Journal Name: Apeiron Issue: Ahead of print.
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  25. Capacities and the Eternal in Metaphysics Θ.8 and De Caelo.Christopher Frey - 2015 - Phronesis 60 (1):88-126.
    _ Source: _Volume 60, Issue 1, pp 88 - 126 The dominant interpretation of Metaphysics Θ.8 commits Aristotle to the claim that the heavenly bodies’ eternal movements are not the exercises of capacities. Against this, I argue that these movements are the result of necessarily exercised capacities. I clarify what it is for a heavenly body to possess a nature and argue that a body’s nature cannot be a final cause unless the natural body possesses capacities that are exercised for (...)
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  26. ARISTOTLE, METEOROLOGICA. M. Wilson Structure and Method in Aristotle's Meteorologica. A More Disorderly Nature. Pp. Xvi + 304, Figs. Cambridge: Cambridge University Press, 2013. Cased, £65, US$99. ISBN: 978-1-107-04257-5. [REVIEW]Brad Berman - 2015 - The Classical Review 65 (2):383–384.
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  27. Aristotle Historia Animalium Book Ten.D. Μ Balme - 1985 - In Aristoteles - Werk Und Wirkung, Bd I, Aristoteles Und Seine Schule. De Gruyter. pp. 191-206.
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  28. Method and Practice in Aristotle's Biology.Michael Boylan - 1983 - Upa.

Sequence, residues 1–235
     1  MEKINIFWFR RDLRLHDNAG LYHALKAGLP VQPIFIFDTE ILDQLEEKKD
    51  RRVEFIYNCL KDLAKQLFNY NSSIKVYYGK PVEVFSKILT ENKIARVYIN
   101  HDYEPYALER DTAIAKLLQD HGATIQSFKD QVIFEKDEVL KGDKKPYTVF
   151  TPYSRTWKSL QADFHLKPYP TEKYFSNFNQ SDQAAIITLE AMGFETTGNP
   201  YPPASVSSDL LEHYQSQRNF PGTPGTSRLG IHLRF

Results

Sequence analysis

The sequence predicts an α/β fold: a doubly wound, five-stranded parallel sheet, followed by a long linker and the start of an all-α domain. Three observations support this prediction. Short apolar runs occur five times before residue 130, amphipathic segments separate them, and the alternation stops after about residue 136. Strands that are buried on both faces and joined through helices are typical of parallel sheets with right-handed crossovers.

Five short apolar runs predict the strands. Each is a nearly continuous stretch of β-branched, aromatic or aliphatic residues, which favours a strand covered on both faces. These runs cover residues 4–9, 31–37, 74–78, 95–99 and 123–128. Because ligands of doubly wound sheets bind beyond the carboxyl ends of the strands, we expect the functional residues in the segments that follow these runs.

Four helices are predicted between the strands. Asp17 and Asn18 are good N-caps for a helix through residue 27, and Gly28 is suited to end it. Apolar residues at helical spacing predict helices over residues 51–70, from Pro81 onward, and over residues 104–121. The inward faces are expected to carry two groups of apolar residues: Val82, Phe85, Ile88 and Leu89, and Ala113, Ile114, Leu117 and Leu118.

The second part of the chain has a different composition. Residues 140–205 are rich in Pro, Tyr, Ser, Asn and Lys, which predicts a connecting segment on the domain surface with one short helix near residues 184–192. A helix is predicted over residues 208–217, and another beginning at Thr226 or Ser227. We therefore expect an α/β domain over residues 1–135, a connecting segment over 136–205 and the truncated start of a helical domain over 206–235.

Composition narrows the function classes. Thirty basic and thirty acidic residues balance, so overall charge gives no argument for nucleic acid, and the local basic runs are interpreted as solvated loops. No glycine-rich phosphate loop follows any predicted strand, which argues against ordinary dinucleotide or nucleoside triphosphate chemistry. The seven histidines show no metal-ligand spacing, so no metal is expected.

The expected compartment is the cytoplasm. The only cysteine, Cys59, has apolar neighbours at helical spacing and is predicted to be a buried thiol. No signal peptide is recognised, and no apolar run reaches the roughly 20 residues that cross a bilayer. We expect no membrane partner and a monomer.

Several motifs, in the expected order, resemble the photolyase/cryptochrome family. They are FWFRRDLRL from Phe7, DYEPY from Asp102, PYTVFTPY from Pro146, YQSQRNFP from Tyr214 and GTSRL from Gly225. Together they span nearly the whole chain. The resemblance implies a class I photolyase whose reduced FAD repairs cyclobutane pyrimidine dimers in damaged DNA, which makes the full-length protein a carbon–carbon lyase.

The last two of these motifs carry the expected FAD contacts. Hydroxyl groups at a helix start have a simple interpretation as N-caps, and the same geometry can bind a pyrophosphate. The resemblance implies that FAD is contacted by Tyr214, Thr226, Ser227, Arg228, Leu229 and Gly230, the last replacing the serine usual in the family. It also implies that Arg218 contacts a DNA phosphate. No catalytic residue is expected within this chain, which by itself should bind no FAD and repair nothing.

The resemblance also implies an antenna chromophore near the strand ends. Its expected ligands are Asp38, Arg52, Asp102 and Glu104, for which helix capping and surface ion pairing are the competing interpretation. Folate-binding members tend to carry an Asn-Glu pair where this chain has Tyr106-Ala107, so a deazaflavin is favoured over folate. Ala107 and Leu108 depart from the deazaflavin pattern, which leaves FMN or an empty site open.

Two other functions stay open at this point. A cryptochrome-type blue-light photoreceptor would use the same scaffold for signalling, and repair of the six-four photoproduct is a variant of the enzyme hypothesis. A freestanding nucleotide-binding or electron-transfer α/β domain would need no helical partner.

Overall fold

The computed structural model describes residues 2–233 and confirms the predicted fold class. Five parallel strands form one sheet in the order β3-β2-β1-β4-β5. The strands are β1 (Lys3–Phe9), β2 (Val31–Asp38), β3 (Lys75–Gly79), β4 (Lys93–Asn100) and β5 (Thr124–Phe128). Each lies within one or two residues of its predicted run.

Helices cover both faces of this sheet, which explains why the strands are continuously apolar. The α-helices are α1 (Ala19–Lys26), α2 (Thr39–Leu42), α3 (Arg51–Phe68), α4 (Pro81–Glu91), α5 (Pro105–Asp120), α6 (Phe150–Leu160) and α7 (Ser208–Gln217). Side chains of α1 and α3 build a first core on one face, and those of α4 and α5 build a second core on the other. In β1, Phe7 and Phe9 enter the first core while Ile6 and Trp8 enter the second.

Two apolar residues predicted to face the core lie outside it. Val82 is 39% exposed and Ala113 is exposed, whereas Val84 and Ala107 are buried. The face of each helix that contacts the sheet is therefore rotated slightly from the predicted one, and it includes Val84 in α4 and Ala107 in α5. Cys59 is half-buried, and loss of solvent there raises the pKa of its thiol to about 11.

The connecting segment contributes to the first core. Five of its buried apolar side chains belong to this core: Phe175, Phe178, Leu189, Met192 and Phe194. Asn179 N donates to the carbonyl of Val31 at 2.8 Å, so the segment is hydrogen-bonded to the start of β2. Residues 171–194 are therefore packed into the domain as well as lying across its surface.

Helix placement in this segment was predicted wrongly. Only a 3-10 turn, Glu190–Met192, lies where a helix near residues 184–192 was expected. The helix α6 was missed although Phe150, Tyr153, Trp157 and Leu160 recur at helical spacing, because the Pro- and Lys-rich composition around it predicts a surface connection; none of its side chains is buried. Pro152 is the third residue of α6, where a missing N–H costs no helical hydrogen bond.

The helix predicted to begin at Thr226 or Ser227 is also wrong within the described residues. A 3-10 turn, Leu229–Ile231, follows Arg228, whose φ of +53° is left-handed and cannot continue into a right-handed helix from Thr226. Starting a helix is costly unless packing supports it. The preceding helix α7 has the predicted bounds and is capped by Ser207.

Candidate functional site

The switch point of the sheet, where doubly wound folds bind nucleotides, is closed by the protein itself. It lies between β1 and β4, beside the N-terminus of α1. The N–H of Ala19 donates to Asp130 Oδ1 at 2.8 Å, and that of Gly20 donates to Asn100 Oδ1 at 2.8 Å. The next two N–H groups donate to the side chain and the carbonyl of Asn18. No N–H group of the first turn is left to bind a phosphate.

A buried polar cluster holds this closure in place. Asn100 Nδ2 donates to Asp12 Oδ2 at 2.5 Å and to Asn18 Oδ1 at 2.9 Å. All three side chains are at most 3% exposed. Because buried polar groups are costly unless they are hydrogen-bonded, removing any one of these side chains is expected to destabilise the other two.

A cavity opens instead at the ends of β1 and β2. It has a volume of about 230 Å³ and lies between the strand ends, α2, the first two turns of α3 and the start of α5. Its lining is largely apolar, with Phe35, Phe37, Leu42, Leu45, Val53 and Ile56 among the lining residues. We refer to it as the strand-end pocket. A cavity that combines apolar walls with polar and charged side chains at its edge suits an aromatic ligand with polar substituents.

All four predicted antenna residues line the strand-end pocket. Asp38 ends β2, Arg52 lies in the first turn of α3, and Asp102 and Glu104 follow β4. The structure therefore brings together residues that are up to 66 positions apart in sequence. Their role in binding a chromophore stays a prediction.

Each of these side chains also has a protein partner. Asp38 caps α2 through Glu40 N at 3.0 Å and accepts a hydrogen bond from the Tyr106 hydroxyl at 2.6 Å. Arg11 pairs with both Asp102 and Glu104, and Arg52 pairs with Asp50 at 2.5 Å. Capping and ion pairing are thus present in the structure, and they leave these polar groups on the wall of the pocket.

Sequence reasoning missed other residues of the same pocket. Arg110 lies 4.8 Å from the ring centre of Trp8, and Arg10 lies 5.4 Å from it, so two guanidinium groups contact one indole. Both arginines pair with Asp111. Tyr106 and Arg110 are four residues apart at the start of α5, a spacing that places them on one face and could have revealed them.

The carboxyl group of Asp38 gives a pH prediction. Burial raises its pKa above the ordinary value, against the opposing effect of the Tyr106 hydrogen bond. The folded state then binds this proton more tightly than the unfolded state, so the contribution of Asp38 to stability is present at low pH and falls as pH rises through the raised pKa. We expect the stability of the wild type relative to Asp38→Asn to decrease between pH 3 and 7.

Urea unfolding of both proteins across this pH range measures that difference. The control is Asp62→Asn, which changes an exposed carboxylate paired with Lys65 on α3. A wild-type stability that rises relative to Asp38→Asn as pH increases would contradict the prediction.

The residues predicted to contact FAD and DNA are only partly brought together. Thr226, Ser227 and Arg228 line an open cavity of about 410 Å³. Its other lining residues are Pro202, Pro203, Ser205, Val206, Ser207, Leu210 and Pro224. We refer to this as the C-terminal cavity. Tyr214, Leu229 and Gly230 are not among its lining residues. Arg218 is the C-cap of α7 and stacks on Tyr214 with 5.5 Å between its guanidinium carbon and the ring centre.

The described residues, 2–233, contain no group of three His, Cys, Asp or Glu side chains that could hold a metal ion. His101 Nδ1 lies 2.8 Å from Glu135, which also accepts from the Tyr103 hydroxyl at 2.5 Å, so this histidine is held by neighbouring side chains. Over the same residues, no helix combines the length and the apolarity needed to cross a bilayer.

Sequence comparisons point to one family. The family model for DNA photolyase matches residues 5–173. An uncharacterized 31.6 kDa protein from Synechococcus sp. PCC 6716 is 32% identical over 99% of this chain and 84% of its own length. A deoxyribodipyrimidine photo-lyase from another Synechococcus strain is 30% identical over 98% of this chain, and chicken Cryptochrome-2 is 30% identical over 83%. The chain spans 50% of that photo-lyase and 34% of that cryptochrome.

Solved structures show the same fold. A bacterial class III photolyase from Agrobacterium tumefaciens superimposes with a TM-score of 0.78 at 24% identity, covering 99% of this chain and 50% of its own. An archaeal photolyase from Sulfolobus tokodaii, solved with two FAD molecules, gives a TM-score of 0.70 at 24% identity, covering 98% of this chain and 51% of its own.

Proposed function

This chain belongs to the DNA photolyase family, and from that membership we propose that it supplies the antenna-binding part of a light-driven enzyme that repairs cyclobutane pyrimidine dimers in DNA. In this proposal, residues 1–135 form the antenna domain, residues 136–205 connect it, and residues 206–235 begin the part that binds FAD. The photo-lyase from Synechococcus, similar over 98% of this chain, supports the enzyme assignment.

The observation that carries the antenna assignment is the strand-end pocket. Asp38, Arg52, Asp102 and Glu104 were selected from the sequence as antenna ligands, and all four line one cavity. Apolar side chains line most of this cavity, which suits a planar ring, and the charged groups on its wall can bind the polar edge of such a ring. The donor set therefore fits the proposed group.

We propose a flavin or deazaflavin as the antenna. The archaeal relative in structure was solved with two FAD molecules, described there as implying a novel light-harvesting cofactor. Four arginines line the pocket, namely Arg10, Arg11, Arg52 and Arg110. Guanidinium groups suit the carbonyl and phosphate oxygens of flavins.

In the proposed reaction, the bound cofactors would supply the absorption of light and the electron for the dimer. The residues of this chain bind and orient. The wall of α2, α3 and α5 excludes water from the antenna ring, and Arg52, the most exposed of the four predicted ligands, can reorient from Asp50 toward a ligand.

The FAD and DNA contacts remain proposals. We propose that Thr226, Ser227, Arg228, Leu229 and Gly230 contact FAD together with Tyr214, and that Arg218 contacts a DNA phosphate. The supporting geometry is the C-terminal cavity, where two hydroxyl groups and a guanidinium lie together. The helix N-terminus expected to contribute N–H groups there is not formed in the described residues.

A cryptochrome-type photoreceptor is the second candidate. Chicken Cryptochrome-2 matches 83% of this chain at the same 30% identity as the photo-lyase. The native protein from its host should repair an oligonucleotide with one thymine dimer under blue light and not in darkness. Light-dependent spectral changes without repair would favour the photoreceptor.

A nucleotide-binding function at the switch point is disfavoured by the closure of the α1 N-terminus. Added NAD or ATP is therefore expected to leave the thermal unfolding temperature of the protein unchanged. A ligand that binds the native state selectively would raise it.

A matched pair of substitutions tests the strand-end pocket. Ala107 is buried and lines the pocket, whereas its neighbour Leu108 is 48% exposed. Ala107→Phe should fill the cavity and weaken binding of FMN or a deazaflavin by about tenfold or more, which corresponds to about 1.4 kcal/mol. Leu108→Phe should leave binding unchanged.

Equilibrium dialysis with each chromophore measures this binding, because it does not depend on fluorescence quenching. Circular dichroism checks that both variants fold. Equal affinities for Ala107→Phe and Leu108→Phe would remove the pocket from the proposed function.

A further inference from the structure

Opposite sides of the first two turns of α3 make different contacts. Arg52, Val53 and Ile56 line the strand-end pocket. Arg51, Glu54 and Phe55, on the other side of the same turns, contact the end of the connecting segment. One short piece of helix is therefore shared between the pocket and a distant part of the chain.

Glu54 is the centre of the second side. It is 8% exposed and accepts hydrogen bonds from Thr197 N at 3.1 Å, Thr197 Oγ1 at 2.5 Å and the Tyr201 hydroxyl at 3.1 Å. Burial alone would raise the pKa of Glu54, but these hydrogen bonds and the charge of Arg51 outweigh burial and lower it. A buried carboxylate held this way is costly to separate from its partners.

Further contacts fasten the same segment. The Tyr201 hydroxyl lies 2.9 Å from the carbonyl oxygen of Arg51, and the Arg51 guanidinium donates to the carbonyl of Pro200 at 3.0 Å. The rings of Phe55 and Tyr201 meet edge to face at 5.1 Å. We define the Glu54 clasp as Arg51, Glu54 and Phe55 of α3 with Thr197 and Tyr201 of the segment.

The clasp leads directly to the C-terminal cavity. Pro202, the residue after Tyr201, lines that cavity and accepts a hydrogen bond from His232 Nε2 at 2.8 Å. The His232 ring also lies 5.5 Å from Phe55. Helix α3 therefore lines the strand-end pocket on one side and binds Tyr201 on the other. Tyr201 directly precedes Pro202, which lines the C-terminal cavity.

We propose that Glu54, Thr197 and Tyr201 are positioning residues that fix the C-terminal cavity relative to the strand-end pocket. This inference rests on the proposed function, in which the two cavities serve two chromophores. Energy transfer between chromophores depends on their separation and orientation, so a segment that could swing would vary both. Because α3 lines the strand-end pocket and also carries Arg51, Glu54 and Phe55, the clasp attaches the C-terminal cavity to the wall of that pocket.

A thoughtful study which integrates Aristotle's philosophy of science in the Organon and in the Parts of Animals with his actual biological investigations.
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  29. Causation, Motion and the Unmoved Mover.Karen Bell - unknown
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  30. Pierre Pellegrin, "Aristotle's Classification of Animals". [REVIEW]Stephen R. L. Clark - 1989 - Journal of the History of Philosophy 27 (2):300.
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  31. Matter and Necessity in Aristotle's Logical, Physical and Biological Works.Robert Glenn Friedman - 1984 - Dissertation, University of Virginia
    Aristotle's doctrine of the four causes--formal, final, efficient and material--is famous. But Posterior Analytics B 11 lists "if certain things hold, it is necessary that this does" in place of a standard expression for the material cause. This cause has been dubbed the grounding cause. It has interested scholars since the Greek commentators, who simply assumed that Aristotle meant the material cause. This traditional thesis has been challenged by two views: first, that the grounding cause is a special type of (...)
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  32. Aristotle and Prime Matter: A Reply to King.Friedrich Solmsen & The Editors - 1958 - Journal of the History of Ideas 19 (2):243.
  33. "Stocks", J. L., Aristotle, De Caelo, Translated.P. Shorey - 1923 - Classical World: A Quarterly Journal on Antiquity 17:112.
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  34. PECK, Aristotle's Parts of Animals & FORSTER, Aristotle's Movement of Animals, Progression of Animals. [REVIEW]Day Day - 1938 - Classical World: A Quarterly Journal on Antiquity 32 (7):78.
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  35. Aristotle, De Caelo 2.6, 288a, 22.Israel E. Drabkin - 1935 - Classical World: A Quarterly Journal on Antiquity 29:93-96.